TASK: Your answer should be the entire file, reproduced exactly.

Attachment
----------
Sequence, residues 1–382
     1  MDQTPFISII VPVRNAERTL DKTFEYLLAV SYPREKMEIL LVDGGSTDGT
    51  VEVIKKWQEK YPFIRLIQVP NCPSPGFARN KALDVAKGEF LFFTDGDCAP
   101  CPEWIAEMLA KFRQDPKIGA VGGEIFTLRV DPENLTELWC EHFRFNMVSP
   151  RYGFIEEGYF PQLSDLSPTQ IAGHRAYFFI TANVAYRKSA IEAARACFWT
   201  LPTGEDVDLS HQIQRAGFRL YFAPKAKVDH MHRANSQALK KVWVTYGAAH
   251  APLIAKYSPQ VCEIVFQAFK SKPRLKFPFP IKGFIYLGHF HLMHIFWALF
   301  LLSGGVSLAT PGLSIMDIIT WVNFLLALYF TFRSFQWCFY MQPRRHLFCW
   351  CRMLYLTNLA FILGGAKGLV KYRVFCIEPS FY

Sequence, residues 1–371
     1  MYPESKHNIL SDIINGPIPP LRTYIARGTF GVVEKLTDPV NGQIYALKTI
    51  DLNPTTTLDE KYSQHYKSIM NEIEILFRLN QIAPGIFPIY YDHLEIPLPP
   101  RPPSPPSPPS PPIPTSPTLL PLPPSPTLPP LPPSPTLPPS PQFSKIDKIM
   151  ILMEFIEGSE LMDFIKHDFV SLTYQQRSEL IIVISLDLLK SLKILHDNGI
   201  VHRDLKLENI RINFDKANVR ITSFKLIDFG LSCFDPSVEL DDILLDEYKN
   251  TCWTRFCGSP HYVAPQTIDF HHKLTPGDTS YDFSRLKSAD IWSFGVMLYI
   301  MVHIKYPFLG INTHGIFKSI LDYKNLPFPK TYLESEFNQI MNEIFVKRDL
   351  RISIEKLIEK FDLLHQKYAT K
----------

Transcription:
Sequence, residues 1–382
     1  MDQTPFISII VPVRNAERTL DKTFEYLLAV SYPREKMEIL LVDGGSTDGT
    51  VEVIKKWQEK YPFIRLIQVP NCPSPGFARN KALDVAKGEF LFFTDGDCAP
   101  CPEWIAEMLA KFRQDPKIGA VGGEIFTLRV DPENLTELWC EHFRFNMVSP
   151  RYGFIEEGYF PQLSDLSPTQ IAGHRAYFFI TANVAYRKSA IEAARACFWT
   201  LPTGEDVDLS HQIQRAGFRL YFAPKAKVDH MHRANSQALK KVWVTYGAAH
   251  APLIAKYSPQ VCEIVFQAFK SKPRLKFPFP IKGFIYLGHF HLMHIFWALF
   301  LLSGGVSLAT PGLSIMDIIT WVNFLLALYF TFRSFQWCFY MQPRRHLFCW
   351  CRMLYLTNLA FILGGAKGLV KYRVFCIEPS FY

Sequence, residues 1–371
     1  MYPESKHNIL SDIINGPIPP LRTYIARGTF GVVEKLTDPV NGQIYALKTI
    51  DLNPTTTLDE KYSQHYKSIM NEIEILFRLN QIAPGIFPIY YDHLEIPLPP
   101  RPPSPPSPPS PPIPTSPTLL PLPPSPTLPP LPPSPTLPPS PQFSKIDKIM
   151  ILMEFIEGSE LMDFIKHDFV SLTYQQRSEL IIVISLDLLK SLKILHDNGI
   201  VHRDLKLENI RINFDKANVR ITSFKLIDFG LSCFDPSVEL DDILLDEYKN
   251  TCWTRFCGSP HYVAPQTIDF HHKLTPGDTS YDFSRLKSAD IWSFGVMLYI
   301  MVHIKYPFLG INTHGIFKSI LDYKNLPFPK TYLESEFNQI MNEIFVKRDL
   351  RISIEKLIEK FDLLHQKYAT K